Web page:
While this might suggest a crisis, Galinsky and other researchers view it as a critical opportunity. The traditional school model, they say, has proven unsuccessful at engaging most adolescents for decades. Other studies have found that 40% to 60% of high school students show signs of disengagement. As the pandemic winds down and schools continue the return to in-person learning, it’s the ideal time to redesign schools to support engagement by meeting adolescents where they are.
Getting into ‘flow’
What exactly is engagement in the context of education? Galinsky compares it to the concept of “flow,” pioneered by psychologist Mihaly Csikszentmihalyi. It involves feeling energetic, dedicated to, and absorbed in what one is learning.
When virtual learning began, Galinsky suspected that adolescent students would struggle to find flow in an online school environment where interaction with peers and teachers is severely limited. Her preliminary research found that 69% of students she surveyed were “rarely engaged or not engaged” during online learning. Galinsky says it’s an amplification of a problem that has festered in schools for years. “School engagement among adolescents wasn’t high before the pandemic,” she says. “So, this really is an opportunity, as any disruption is, to see what can we learn to engage children in school better because it will lead to better learning.”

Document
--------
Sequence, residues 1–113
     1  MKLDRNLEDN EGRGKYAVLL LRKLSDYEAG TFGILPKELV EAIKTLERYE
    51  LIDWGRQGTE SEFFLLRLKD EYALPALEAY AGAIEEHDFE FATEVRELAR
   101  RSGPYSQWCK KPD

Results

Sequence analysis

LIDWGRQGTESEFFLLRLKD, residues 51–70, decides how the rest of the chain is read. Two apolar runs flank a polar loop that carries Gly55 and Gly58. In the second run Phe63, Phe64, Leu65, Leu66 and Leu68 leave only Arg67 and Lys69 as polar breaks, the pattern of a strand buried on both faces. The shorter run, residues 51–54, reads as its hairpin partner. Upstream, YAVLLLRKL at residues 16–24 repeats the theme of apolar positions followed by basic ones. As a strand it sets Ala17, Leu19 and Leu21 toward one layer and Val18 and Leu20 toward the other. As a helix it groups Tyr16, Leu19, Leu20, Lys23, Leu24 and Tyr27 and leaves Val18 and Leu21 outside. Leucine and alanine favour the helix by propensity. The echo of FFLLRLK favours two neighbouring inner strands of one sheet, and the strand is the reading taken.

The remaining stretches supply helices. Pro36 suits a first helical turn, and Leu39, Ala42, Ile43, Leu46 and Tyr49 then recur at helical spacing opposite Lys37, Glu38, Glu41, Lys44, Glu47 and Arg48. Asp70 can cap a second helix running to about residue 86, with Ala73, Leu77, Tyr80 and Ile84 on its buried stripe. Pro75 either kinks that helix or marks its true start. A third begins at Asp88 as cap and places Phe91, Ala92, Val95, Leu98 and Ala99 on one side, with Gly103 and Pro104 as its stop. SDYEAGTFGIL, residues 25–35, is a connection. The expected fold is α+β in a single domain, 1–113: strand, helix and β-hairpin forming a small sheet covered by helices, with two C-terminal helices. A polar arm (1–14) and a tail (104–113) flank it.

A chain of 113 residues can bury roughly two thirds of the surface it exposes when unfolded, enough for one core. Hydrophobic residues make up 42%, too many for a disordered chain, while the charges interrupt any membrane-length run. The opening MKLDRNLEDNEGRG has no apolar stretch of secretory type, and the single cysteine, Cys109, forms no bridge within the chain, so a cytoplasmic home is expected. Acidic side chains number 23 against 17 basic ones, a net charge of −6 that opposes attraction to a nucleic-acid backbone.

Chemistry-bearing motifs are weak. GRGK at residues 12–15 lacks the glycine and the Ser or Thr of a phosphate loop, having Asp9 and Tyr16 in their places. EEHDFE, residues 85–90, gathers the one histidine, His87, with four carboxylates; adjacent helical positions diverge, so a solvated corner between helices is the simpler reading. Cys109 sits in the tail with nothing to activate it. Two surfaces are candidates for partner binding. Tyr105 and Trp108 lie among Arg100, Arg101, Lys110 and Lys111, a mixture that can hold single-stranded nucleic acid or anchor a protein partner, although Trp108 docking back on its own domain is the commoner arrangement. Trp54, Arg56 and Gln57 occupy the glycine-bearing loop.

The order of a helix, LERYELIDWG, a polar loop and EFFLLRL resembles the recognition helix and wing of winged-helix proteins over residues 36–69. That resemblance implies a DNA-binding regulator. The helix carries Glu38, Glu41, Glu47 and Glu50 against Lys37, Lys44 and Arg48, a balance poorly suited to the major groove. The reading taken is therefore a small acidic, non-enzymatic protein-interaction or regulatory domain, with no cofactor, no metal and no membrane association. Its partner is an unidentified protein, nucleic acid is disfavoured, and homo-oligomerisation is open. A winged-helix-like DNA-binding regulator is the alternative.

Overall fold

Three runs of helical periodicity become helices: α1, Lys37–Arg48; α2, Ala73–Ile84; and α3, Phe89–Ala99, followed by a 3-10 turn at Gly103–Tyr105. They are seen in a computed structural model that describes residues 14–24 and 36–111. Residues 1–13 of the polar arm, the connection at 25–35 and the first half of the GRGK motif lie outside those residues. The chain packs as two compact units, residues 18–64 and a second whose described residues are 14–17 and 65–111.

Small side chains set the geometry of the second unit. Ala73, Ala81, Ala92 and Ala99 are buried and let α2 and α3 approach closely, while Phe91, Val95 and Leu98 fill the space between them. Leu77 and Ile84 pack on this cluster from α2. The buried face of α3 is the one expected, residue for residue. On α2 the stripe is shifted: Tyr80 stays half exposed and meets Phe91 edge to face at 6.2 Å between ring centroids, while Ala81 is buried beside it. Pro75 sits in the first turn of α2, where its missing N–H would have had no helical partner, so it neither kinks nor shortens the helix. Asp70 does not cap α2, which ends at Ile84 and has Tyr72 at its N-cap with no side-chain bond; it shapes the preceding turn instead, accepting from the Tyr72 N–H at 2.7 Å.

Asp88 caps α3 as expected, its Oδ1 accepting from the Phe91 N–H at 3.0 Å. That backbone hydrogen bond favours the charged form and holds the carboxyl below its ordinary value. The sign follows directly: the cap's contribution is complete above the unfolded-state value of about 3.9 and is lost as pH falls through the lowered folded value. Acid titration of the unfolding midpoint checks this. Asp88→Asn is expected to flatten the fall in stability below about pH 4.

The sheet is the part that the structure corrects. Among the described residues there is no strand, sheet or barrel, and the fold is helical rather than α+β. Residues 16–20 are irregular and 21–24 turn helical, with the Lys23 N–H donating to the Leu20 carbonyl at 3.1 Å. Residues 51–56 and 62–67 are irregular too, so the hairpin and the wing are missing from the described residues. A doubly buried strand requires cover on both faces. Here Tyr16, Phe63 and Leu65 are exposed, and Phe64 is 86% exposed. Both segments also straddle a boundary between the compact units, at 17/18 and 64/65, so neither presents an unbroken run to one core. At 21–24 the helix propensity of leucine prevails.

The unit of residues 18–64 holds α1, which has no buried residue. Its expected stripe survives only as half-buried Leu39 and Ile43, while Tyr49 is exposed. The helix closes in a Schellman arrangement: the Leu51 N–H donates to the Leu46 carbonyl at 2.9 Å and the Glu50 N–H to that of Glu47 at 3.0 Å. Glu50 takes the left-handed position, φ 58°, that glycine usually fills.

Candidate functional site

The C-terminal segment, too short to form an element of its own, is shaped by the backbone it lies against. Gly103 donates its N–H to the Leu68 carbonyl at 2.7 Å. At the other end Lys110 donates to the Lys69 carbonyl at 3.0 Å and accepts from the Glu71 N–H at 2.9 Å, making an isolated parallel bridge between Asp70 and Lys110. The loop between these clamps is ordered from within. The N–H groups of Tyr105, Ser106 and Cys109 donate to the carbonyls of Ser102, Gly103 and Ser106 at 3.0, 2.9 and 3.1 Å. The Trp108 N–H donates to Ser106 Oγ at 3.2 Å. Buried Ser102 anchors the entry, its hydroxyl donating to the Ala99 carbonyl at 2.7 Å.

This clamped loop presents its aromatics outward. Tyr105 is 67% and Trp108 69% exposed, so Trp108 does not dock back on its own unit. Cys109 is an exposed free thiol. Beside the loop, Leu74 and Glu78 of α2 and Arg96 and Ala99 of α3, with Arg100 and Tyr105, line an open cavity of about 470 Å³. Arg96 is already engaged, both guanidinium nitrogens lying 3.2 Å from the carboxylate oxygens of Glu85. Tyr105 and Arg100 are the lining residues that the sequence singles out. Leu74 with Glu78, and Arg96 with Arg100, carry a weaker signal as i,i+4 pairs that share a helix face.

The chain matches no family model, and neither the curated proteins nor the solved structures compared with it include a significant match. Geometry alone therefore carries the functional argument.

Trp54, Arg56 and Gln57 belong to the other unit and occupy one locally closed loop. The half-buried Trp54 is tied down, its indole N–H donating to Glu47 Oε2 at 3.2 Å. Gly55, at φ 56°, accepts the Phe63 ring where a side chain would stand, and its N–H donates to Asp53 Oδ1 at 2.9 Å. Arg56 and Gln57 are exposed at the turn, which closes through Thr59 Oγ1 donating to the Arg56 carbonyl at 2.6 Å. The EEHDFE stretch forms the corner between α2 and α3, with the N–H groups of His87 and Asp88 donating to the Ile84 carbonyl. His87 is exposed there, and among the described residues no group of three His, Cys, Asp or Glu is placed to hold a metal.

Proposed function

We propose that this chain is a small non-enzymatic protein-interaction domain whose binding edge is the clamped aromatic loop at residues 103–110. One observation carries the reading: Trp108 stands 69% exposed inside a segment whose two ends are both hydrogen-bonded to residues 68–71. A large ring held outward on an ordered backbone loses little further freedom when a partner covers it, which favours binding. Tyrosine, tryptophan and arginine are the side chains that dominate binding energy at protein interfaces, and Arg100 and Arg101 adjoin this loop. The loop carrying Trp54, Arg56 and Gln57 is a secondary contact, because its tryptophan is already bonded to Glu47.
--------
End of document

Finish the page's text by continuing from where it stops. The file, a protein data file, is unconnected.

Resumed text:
A good start, Galinsky says, is for schools to design curriculum and implement instructional methods that align with the developmental needs of adolescent students. For example, her study found that students who felt a sense of belonging during virtual school were more likely to be engaged. “A sense of belonging was protective against a loss of engagement,” she says. Other factors, such as teachers providing choices and meaningful work to students, also helped.
Galinsky says a lesson for schools and families is to take what worked in engaging students well in online learning and continue to do it. “Returning to the status quo won’t work,” she says. “We have to use this crisis as an opportunity to improve.”